The type of amphetamine used also influences how long the effects last. An amphetamine high from illegal crystal meth can last four to 16 hours.

Amphetamine Half-Life

The half-life of a drug refers to the time it takes for the drug’s concentration in the bloodstream to reduce by half of its original amount. Based on dosage, the half-life of amphetamine can be between 9 and 13 hours in adults.

What Is Amphetamine Prescribed for?

Although amphetamines were once used for treating a wide variety of ailments, the use of amphetamines today is restricted to the treatment of ADHD, narcolepsy (excessive daytime sleepiness), and obesity. 

Amphetamines are psychostimulant drugs, and at low doses, they can lead to increased concentration, alertness and energy. 

Prescription amphetamines are often misused by college students to improve their study behavior and even by older adults to improve memory. Amphetamines may also be used illicitly to postpone sleep, improve athletic performance and lose weight. 

Amphetamines used for therapeutic purposes involve low doses and do not produce euphoric effects. However, prescription amphetamines, like illicit amphetamines, may be abused at higher doses for their euphoric effects and may be used to get “high.”

Amphetamines are tightly controlled by pharmacies and hospitals in an effort to reduce improper access to these substances. Despite these protections, patients should be closely monitored when taking prescription amphetamines for ADHD and other conditions.

Amphetamine for ADHD

Adderall is one of the most commonly used amphetamine medications prescribed for use with attention-deficit/hyperactivity disorder (ADHD). Both the short-acting and long-acting forms are approved for treating ADHD. It helps people with ADHD by increasing dopamine levels, which reduces impulsive behaviors and increases the person’s ability to focus and concentrate. 

Amphetamine Dosage and Administration

The immediate-release formulations of amphetamines (Dexedrine and Adderall) are generally administered twice daily, as opposed to extended-release formulations of amphetamines (Dexedrine XR and Adderall XR), which are administered once daily. 

Exact dosage depends on whether the patient is an adult or a child, the condition the medication is being used to treat and other health considerations.

Amphetamine vs. Methylphenidate

Methylphenidate can also improve symptoms of ADHD, but it carries a higher risk of dependence. It can also cause insomnia in some people.

Amphetamine vs. Dextroamphetamine

Dextroamphetamine is a type of amphetamine used to treat narcolepsy and ADHD. It is used less frequently due to its high risk for addiction and abuse.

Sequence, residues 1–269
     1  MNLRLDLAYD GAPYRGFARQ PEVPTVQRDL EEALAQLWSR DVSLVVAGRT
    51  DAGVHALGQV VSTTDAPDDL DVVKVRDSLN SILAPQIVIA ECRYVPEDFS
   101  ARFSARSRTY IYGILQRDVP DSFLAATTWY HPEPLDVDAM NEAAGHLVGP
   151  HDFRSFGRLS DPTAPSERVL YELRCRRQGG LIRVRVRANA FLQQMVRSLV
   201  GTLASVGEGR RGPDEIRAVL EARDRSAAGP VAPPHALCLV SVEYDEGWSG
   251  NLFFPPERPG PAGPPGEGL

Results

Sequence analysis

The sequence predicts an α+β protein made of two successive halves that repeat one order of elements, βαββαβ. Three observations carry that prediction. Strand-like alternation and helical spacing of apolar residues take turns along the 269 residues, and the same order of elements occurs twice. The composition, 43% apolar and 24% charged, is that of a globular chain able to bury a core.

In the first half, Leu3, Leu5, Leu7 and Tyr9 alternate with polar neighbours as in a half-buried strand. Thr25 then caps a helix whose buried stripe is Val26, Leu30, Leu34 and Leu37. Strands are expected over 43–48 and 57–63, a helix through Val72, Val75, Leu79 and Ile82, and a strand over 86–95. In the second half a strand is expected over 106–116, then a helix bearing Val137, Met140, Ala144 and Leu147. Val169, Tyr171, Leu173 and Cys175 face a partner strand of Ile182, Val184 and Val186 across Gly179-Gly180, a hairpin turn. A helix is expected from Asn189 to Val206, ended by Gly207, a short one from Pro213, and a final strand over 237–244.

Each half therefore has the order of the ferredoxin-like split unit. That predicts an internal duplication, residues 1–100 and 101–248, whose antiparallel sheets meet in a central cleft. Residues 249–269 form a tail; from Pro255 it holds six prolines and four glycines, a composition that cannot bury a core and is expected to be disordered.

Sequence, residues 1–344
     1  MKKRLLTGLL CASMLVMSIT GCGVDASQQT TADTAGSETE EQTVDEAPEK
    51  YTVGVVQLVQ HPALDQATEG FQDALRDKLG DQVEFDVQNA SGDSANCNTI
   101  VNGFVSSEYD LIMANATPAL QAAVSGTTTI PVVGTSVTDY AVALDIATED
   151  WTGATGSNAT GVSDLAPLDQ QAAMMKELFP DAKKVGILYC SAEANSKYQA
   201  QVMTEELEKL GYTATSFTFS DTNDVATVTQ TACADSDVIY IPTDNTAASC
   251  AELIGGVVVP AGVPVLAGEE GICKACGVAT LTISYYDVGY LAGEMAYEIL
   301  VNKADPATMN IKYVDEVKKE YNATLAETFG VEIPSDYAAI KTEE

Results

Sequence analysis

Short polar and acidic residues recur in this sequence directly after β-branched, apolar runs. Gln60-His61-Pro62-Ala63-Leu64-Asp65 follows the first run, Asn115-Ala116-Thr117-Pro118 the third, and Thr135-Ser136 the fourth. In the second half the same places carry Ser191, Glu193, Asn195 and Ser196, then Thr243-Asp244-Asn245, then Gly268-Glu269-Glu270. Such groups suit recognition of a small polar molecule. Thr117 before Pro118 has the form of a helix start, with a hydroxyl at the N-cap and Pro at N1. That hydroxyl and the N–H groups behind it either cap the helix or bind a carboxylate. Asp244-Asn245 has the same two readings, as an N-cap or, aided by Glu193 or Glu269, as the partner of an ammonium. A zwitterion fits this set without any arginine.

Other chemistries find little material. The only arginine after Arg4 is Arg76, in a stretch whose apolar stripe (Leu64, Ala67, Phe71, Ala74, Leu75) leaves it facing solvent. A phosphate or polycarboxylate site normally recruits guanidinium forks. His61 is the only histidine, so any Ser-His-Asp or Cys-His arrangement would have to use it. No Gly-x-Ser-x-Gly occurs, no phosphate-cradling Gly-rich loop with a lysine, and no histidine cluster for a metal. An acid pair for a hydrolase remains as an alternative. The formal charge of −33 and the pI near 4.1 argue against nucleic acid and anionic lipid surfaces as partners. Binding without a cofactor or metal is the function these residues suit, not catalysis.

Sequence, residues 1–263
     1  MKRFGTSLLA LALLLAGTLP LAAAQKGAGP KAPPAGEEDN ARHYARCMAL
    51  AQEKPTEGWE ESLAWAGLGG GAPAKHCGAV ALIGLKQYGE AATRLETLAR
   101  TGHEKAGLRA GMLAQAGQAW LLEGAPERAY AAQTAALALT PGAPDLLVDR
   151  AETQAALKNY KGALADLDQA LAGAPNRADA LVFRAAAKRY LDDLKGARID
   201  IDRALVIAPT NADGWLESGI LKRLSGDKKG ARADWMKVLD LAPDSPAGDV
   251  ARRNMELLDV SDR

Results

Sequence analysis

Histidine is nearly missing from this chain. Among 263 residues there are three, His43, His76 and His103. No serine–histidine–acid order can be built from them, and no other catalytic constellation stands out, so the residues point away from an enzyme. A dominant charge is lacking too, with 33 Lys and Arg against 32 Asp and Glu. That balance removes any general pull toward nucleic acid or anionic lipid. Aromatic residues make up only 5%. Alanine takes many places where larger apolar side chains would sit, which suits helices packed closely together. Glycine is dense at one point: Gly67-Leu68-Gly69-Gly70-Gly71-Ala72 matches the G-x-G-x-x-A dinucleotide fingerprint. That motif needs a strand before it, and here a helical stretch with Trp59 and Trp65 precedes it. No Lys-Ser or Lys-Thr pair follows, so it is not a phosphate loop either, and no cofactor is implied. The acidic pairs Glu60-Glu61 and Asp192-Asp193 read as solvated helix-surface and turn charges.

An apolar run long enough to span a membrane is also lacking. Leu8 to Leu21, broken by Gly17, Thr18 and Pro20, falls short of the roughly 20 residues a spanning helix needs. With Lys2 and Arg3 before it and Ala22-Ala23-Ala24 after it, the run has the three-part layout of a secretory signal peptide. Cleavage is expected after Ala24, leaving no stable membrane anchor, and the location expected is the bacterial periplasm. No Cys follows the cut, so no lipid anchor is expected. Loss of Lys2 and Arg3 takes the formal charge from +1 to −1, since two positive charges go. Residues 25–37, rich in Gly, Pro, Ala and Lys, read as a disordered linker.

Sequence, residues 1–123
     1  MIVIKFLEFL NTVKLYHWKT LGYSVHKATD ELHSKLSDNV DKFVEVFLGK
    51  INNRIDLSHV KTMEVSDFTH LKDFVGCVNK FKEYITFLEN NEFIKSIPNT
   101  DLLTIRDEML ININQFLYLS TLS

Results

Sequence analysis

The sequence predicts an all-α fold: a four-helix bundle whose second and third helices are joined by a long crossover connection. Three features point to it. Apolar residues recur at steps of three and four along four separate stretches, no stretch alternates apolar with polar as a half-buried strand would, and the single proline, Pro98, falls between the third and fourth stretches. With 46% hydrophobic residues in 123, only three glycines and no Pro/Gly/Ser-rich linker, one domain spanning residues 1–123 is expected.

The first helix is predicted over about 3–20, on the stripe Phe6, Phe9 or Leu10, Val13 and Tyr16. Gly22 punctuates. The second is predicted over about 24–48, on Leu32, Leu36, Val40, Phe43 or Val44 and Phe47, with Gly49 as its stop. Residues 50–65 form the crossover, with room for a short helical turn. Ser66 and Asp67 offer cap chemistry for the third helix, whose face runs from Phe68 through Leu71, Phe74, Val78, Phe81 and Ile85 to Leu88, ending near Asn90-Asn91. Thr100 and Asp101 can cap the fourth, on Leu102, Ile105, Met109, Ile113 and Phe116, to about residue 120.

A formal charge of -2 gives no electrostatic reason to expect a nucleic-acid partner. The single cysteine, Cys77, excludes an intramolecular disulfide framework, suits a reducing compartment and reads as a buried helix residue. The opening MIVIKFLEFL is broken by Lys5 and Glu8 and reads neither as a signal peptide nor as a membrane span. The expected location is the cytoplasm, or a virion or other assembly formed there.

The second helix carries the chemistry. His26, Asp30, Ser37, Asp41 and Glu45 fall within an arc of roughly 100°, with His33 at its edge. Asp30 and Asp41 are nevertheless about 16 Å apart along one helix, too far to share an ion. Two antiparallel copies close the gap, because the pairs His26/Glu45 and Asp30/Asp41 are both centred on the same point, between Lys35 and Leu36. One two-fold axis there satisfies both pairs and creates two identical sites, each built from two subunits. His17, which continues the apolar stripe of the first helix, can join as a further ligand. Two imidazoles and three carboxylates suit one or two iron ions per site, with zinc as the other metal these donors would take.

Amphetamine Side Effects

Most of the short-term side effects of amphetamines are due to excessive activation of the sympathetic nervous system and the elevation of dopamine and serotonin levels in the brain.

Some of the side effects and symptoms of amphetamine use include:

  • Increased heart rate and blood pressure
  • Irregular heartbeat
  • Trouble sleeping
  • Increased body temperature
  • Decreased appetite
  • Weight loss
  • Memory loss
  • Insomnia
  • Headache
  • Restlessness
  • Irritability
  • Aggression

High doses of amphetamines may result in psychotic behavior that is similar to that observed in individuals with schizophrenia. Amphetamine-induced psychosis may involve delusions, hallucinations and unorganized speech.

Amphetamine Overdose

Overdosing on amphetamine can occur because of the drug’s effects on the heart and brain. Individuals who overdose need immediate and aggressive medical care.

Amphetamine Overdose Symptoms

Signs of amphetamine overdose include:

  • Difficulty breathing
  • Heart attack-like symptoms, such as chest pain, distress, and confusion
  • Dramatic changes in blood pressure
  • Intense stomach pain
  • Agitation
  • Paranoia
  • Loss of consciousness
  • Kidney failure

The appropriate medical treatment for amphetamine overdose depends on the type of amphetamine taken and the symptoms.

Amphetamine Use Statistics

As of 2020, roughly 1.5 million individuals ages 12 and older reported facing a meth use disorder, while roughly 758,000 reported misusing prescription stimulants.

Amphetamine Use in Ohio